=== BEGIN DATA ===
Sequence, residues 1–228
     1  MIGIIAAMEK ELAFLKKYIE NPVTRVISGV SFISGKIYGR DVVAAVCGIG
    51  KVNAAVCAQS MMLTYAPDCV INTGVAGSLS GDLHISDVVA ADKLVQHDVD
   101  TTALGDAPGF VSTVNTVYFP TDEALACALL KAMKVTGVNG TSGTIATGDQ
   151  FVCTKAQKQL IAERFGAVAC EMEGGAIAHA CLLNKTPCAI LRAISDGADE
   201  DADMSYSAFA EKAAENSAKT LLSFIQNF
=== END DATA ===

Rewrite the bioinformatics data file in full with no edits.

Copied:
Sequence, residues 1–228
     1  MIGIIAAMEK ELAFLKKYIE NPVTRVISGV SFISGKIYGR DVVAAVCGIG
    51  KVNAAVCAQS MMLTYAPDCV INTGVAGSLS GDLHISDVVA ADKLVQHDVD
   101  TTALGDAPGF VSTVNTVYFP TDEALACALL KAMKVTGVNG TSGTIATGDQ
   151  FVCTKAQKQL IAERFGAVAC EMEGGAIAHA CLLNKTPCAI LRAISDGADE
   201  DADMSYSAFA EKAAENSAKT LLSFIQNF